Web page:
James Anderson © Getty Images
James Anderson © Getty Images

England wicketkeeper-batsman Jonny Bairstow usually is the best-placed man to enjoy and appreciate the famous seam and swing of James Anderson, England’s all-time leading wicket-taker. He has reposed faith in Anderson to push for greater glory at another one of his happy hunting grounds Nottingham at Trent Bridge which happens to be the venue for the third Test between India and England in the 2018 series.

The 36-year old seamer is still fit and raring to go in the longer format of the game. His outstanding match returns of 9/43 in the second test spelt the death-knell for India at Lord’s. His control of the swinging ball is impeccable and batsmen invariably end up fending and poking and giving up their wicket, at the deliveries he bowls with amazing consistency.

“Just take that last game at Lord’s…nine wickets for 43 runs. There’s no reason he can’t keep going, body permitting,” said Bairstow. “His stats are speaking for themselves and there’s potential for him to break every record going for a seamer, I don’t think he’s too far off,” Bairstow said.

WATCH: James Anderson – The King of Swing

Anderson’s best figures in terms of ascending averages in Test cricket:

Overs BPO Mdns Runs
Wkts
Econ Ave SR Opposition Ground Start Date
25.1 6 11 45 10 1.78 4.5 15.1 v Sri Lanka Leeds 19-May-16
25.2 6 10 43 9 1.69 4.77 16.8 v India Lord’s 9-Aug-18
37 6 15 71 11 1.91 6.45 20.1 v Pakistan Nottingham 29-Jul-10
36.1 6 12 73 9 2.01 8.11 24.1 v West Indies Lord’s 7-Sep-17
36 6 11 98 9 2.72 10.88 24 v New Zealand Nottingham 5-Jun-08
42.3 6 10 125 9 2.94 13.88 28.3 v West Indies Chester-le-Street 14-May-09
55.5 6 13 158 10 2.82 15.8 33.5 v Australia Nottingham 10-Jul-13

Anderson’s spell at Lord’s was remarkable in terms of the damage it wreaked on the Indian batting line-up. His returns of 9/43 in the second Test were his personal second-best in terms of bowling average through a completed match and the 14th best on the same scale in the history of the game, with minimum 9 wickets as a qualifier.

Best BBM in terms of averages in Test cricket:

Player Overs BPO Mdns Runs
Wkts
Econ Ave SR Opposition Ground Start Date
J Briggs (ENG) 33.3 4 16 28 15 1.24 1.86 9 v South Africa Cape Town 25 Mar 1889
H Ironmonger (AUS) 22.5 6 12 24 11 1.05 2.18 12.4 v South Africa Melbourne 12-Feb-32
GD McGrath (AUS) 33 6 21 27 10 0.81 2.7 19.8 v West Indies Brisbane 23-Nov-00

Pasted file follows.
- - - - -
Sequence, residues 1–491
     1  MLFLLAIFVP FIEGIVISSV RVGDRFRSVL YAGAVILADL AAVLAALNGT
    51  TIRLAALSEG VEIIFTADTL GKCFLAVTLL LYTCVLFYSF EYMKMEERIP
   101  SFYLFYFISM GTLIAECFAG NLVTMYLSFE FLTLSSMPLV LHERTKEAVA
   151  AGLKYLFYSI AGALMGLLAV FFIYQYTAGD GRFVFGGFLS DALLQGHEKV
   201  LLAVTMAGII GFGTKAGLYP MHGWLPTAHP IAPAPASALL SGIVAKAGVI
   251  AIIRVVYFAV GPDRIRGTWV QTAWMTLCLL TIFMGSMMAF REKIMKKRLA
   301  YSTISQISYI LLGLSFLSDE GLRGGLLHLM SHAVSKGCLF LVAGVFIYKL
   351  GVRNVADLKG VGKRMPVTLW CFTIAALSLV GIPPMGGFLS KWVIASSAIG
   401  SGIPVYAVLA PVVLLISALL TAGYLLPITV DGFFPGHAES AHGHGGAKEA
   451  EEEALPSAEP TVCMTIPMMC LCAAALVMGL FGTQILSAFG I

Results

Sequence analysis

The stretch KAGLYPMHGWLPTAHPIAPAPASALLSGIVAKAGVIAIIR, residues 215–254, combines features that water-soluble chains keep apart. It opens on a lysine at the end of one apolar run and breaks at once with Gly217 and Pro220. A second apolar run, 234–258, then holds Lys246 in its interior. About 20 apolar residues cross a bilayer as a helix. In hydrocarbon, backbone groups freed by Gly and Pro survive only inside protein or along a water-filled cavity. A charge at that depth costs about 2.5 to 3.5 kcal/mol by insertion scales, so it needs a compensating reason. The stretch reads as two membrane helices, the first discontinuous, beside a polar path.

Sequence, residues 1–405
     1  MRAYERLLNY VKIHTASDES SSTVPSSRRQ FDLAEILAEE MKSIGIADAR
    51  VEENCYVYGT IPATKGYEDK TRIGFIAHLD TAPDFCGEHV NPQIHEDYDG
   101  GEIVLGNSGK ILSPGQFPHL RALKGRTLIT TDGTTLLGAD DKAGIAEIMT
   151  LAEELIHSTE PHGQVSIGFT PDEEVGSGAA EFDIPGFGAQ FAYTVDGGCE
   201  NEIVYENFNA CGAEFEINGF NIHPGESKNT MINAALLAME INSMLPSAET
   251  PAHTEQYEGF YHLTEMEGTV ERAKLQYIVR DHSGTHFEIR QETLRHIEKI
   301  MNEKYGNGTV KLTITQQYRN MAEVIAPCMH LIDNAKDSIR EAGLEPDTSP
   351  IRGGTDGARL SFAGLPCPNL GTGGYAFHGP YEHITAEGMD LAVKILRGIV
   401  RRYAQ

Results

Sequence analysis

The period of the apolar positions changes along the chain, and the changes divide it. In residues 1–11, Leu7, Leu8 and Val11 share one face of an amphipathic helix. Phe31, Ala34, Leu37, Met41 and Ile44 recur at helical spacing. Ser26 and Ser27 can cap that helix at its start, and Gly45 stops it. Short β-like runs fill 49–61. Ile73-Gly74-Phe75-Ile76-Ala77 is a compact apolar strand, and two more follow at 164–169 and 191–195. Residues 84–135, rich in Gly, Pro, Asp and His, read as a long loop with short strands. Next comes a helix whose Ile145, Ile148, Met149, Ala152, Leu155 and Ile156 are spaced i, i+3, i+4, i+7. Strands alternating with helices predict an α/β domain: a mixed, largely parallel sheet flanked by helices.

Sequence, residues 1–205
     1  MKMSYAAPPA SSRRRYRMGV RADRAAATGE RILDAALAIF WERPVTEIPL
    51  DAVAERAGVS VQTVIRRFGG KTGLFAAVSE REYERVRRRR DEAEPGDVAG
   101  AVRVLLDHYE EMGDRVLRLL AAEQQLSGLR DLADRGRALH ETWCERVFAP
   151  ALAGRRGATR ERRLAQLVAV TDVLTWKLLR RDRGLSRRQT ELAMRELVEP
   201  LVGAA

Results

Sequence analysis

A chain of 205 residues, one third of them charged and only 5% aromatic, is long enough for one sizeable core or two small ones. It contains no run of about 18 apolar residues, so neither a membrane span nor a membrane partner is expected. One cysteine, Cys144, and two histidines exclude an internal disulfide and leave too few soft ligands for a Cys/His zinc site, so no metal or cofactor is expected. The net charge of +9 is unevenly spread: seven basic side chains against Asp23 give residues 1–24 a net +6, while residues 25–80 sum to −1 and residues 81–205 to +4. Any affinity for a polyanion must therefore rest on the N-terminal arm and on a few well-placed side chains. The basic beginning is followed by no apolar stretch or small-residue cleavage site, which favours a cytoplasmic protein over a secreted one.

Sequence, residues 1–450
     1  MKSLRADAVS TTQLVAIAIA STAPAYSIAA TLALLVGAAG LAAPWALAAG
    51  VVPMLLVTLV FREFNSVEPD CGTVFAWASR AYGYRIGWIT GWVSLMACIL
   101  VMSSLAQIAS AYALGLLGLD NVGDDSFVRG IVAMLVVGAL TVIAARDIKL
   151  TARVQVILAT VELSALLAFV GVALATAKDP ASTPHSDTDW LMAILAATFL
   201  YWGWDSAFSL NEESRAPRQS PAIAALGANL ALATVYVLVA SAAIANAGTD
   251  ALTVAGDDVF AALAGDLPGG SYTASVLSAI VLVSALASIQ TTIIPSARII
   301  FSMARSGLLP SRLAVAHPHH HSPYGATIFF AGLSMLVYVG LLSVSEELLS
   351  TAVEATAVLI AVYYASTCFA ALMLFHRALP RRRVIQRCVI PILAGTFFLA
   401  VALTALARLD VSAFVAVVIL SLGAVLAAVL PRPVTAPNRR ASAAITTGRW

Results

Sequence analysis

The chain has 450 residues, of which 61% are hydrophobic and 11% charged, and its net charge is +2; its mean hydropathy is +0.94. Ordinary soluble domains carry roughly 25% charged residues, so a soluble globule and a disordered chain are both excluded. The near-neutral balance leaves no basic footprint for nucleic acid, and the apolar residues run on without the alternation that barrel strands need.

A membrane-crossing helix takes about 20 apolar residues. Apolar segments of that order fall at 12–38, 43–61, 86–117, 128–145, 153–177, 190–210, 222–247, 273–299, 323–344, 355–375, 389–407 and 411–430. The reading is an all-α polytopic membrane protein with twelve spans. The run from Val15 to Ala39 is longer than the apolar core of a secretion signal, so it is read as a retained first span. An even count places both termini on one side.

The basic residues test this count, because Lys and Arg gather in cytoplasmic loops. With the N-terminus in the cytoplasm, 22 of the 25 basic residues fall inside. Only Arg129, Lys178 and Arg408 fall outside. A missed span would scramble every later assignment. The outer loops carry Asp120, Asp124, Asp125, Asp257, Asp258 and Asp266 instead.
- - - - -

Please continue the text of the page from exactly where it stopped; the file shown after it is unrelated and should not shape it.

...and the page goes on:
ERH Toshack (AUS) 19.3 8 7 31 11 1.2 2.81 14 v India Brisbane 28-Nov-47
GA Lohmann (ENG) 25.3 5 11 45 15 2.1 3 8.5 v South Africa Port Elizabeth 13 Feb 1896
GAR Lock (ENG) 24 6 15 29 9 1.2 3.22 16 v New Zealand Lord’s 19-Jun-58
CA Walsh (WI) 36 6 15 55 13 1.52 4.23 16.6 v New Zealand Wellington 10-Feb-95
GAR Lock (ENG) 37.4 6 19 48 11 1.27 4.36 20.5 v West Indies The Oval 22-Aug-57
SF Barnes (ENG) 37.4 6 14 57 13 1.51 4.38 17.3 v South Africa The Oval 12-Aug-12
FS Trueman (ENG) 16.4 6 7 40 9 2.4 4.44 11.1 v India Manchester 17-Jul-52
JM Anderson (ENG) 25.1 6 11 45 10 1.78 4.5 15.1 v Sri Lanka Leeds 19-May-16
MD Marshall (WI) 27.4 6 10 41 9 1.48 4.55 18.4 v England Manchester 30-Jun-88
JC Laker (ENG) 68 6 27 90 19 1.32 4.73 21.4 v Australia Manchester 26-Jul-56
JM Anderson (ENG) 25.2 6 10 43 9 1.69 4.77 16.8 v India Lord’s 9-Aug-18

Anderson is just 10 wickets behind Glenn McGrath’s tally of 563 leading into the third test at Trent Bridge. The fit seamer from Lancashire would look to become the leading wicket-taker amongst seamers by overtaking McGrath by the end of the Test series.

Leading wicket-takers amongst seamers in Test cricket:

Player Span Mat Inns Balls Runs
Wkts
GD McGrath (AUS) 1993-2007 124 243 29248 12186 563
JM Anderson (ENG) 2003-2018 140 261 30778 14839 553
CA Walsh (WI) 1984-2001 132 242 30019 12688 519
N Kapil Dev (INDIA) 1978-1994 131 227 27740 12867 434
Sir RJ Hadlee (NZ) 1973-1990 86 150 21918 9611 431

The Lancastrian already has 60 scalps at Trent Bridge – 19 more than closest challenger Alec Bedser – and Bairstow is looking forward to watching a master at work again. “It’s great fun, you’re always in the game,” he said. “It’s fun until he throws the big in-ducker in and you’re not expecting it so it goes for four byes. I think a lot of batsmen would like to know which way the ball is swinging when it’s Jimmy but I don’t think he gives you too many clues,” the wicket-keeper batsman said.

“It’s literally a case of him slightly changing his action and wrist position, he doesn’t drop his left shoulder when he bowls the inswinger like a lot of bowlers tend to do. That’s what makes him so lethal and so dangerous in England. Both Jimmy and Stuart (Broad, his new ball partner) will be licking their lips when it comes to the next Test,” he concluded.